Eric Hosmer has been on a tear for the San Diego Padres in their recent Cactus League games. Although the home runs are nice, they are such a small part of his game.
I went over some of Eric Hosmer‘s advanced stats in an article last week. The San Diego Padres no doubt pored over some of this same data before signing him to an eight-year, $144 million deal last month.
I only touched on a handful of areas in my last look into Hosmer’s stats. This time I plan on going into his on-base mastery, as well as his above-average strikeout numbers.
In the Padres’ last five Spring Training games (since March 15), Hosmer’s gone 7-for-16 with two doubles, three home runs, and seven RBI. This is an encouraging sign but means next-to-nothing in the big picture.
Hosmer, 29, has been an on-base machine throughout his career and strikes out at a much lower percentage than the rest of this suddenly “OK with striking out 150 times in a season” league.
Over the course of his career (2011-2017), Eric Hosmer has never had a higher strikeout-rate than 19.8%, which came in one of his “dip” seasons, as I call them.
Considering that the MLB strikeout percentages have risen steadily from 17.7% in 2011 to 21.2% in 2017, his 2016 mark is still better than average.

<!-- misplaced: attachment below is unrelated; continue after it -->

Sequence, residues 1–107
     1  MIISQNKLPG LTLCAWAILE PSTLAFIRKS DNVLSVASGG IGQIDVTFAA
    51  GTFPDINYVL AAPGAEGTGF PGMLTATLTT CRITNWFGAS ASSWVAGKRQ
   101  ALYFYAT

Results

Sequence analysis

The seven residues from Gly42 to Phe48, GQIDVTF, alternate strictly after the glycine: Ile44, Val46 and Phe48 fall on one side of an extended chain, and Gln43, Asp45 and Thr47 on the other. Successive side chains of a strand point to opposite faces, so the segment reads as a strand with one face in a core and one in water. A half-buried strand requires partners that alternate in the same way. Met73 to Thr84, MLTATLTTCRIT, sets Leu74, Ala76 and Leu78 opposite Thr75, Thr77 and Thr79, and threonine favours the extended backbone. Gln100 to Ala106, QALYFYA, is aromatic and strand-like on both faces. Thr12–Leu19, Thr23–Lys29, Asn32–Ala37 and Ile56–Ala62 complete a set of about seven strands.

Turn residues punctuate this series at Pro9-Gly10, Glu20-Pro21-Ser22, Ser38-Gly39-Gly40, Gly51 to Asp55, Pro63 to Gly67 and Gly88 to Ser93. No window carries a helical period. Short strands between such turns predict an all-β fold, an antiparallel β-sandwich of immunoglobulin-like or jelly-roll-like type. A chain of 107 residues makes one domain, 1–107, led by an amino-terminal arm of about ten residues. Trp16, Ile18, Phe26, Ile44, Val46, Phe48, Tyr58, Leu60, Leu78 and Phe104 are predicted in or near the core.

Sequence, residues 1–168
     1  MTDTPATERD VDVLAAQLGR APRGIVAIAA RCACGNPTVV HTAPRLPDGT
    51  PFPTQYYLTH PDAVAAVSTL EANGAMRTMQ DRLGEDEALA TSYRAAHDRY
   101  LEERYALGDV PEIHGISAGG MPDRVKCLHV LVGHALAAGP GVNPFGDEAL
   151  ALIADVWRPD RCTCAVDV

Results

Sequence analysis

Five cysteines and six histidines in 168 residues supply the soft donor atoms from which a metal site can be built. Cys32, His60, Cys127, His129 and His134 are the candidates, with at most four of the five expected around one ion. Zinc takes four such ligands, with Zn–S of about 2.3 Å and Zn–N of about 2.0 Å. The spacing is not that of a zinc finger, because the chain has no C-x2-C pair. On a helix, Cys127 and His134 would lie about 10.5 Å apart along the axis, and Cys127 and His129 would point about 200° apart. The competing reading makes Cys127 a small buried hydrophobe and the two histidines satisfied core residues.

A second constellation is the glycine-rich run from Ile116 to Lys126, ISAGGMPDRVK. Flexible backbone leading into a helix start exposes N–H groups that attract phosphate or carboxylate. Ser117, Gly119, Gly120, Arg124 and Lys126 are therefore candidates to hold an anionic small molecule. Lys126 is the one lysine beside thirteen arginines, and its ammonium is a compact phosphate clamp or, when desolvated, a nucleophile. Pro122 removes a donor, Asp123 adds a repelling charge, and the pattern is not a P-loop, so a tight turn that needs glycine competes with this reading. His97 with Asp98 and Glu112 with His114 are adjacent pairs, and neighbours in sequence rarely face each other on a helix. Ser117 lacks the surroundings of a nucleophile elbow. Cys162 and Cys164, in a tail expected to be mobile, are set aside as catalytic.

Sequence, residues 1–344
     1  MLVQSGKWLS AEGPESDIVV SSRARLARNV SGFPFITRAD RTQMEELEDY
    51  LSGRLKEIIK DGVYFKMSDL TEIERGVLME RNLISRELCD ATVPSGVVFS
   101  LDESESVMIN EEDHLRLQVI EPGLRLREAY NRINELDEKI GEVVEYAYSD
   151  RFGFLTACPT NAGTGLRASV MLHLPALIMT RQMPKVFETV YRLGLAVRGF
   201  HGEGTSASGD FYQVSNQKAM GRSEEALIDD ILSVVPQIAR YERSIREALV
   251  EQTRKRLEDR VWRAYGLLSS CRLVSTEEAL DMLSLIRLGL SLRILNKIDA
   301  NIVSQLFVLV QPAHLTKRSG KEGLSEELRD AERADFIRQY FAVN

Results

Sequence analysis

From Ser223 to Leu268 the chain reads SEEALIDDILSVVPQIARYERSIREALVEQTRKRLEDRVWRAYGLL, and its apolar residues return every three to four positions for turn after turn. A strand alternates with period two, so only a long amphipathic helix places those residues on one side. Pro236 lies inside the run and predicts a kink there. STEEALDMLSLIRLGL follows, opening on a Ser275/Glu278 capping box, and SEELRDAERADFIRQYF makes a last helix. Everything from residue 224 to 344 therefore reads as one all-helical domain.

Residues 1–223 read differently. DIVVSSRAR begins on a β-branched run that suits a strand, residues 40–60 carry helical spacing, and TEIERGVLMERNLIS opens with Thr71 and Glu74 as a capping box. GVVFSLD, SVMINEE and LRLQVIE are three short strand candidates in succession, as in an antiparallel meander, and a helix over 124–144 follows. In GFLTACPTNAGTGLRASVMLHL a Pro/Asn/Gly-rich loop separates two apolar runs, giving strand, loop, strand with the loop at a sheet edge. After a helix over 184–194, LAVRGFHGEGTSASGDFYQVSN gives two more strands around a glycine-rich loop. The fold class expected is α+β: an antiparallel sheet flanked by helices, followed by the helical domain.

Eric Hosmer’s strikeout and walk rates are unreal
From 2015 through 2017, undoubtedly Hosmer’s most productive seasons outside of his outstanding, breakout year in 2013, his strikeout-rates were 16.2 in 2015, 19.8 in ’16, and 15.5 last year. Well above-average both separately and overall, as per fangraphs.com.
His walk-rate is even more impressive. Over the course of those same years, 2015-’17, Hosmer’s walk-percentages were 9.1 in 2015, 8.5 in 2016, and 9.8 in 2017. Again, even in his down year of 2016, are all still well above league averages.
Since Eric Hosmer came into the league in 2011, his 16.3% strikeout rate and 8.2% walk rate rank 13th and 42nd, respectively, among the league leaders in both of those categories over that duration of time.
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Hosmer’s other stats ain’t so shabby either
After making his debut in 2011, Hosmer’s 566 RBI (9th among active first basemen 2011-2017), .342 on-base percentage (13th), 9.9 WAR (15th), and .316 BABIP (batting average on balls in play, 10th) show the full extent of this young man’s skill-set.
It’s rare to see a player, especially these days, that gets on base at the rate Hosmer does, strikes out as little as he does, and can mix in some power as well.
It’s usually, and this goes back twenty years or so, a combination of two of those traits, at best.
At any rate, Eric Hosmer figures to show off all of these qualities, and then some, this season for the San Diego Padres.
If he can bring the type of numbers he had last season, or even something closely resembling them, to the table this year, it would most certainly be worthy of a chalk-mark in the win column for the franchise, considering the mixed bag of opinions that came along with the signing.
I personally wouldn’t be happier to see Hosmer make all of those doubters (including myself at one point) wrong.